Firewall security software or hardware controls the flow of network traffic -- in other words, units or "packets" of data -- between networks or computers connected to a network (host). Perimeter firewalls control the flow of network traffic entering or leaving the host or organization's border or outer boundary, providing a first line of defense against external attacks and blocking access to inappropriate content from inside an organization.
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A perimeter firewall is the main defense in the perimeter of a private network. It's an essential component for detecting and protecting the network from unwanted traffic, potentially dangerous content and intrusion attempts and flagging up these threats to the network administrator. The perimeter firewall blocks incoming network traffic from accessing internal networks and hosts and bars outgoing traffic from accessing undesirable external networks and hosts; for example, organizations might block access to Facebook or other social media sites. As such, a perimeter firewall can be thought of as having an internal and external interface.
Static Packet Filter
A basic type of perimeter firewall is known as a static packet filter firewall. A static packet filter firewall works by blocking networking traffic based on the information in the portion of a network packet that contains addressing information, known as the packet header. A static packet filter firewall is either a standalone device or included as part of a router.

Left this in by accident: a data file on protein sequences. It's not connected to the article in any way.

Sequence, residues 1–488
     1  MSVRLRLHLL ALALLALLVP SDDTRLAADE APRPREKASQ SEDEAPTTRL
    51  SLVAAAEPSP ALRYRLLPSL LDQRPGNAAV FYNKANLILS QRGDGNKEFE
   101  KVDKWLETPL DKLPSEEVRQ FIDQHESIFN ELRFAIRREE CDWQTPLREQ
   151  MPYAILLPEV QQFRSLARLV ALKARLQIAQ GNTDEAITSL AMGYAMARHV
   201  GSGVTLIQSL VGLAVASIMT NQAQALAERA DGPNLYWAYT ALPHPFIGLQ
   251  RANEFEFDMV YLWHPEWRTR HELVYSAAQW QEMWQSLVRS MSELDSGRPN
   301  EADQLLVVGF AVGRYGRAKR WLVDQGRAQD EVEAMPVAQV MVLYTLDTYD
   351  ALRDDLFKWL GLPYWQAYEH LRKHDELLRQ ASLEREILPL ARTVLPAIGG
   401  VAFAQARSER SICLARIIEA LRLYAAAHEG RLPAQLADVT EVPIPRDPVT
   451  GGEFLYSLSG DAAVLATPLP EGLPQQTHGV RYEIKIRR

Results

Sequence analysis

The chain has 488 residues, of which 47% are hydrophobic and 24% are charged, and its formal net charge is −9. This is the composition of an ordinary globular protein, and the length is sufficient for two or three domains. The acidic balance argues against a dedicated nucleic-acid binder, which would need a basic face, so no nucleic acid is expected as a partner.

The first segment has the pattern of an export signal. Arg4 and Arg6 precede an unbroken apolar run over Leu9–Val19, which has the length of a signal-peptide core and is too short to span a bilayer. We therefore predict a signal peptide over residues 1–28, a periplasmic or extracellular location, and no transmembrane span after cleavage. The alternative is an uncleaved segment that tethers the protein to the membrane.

Stateful Inspection Firewall
The most common type of perimeter firewall is the stateful inspection firewall. A stateful inspection firewall keeps a record of all outgoing network traffic and only allows incoming traffic that has a corresponding outgoing request. Stateful inspection firewalls can block scanning from the Internet and prevent IP spoofing -- where an attacker gains unauthorized access to a network or computer by impersonating or "spoofing" its Internet Protocol (IP) address. Stateful inspection firewalls inspect more data than static packet filter firewalls and are correspondingly slower.
Denial of Service
Perimeter firewalls typically block incoming network traffic that contains broadcast addresses, which attempt to deliver information to every computer on a network rather than a single host. Any computer that responds to the broadcast will, equally, send information to every other computer on the network, flooding the network with traffic that can be used for a so-called denial of service attack.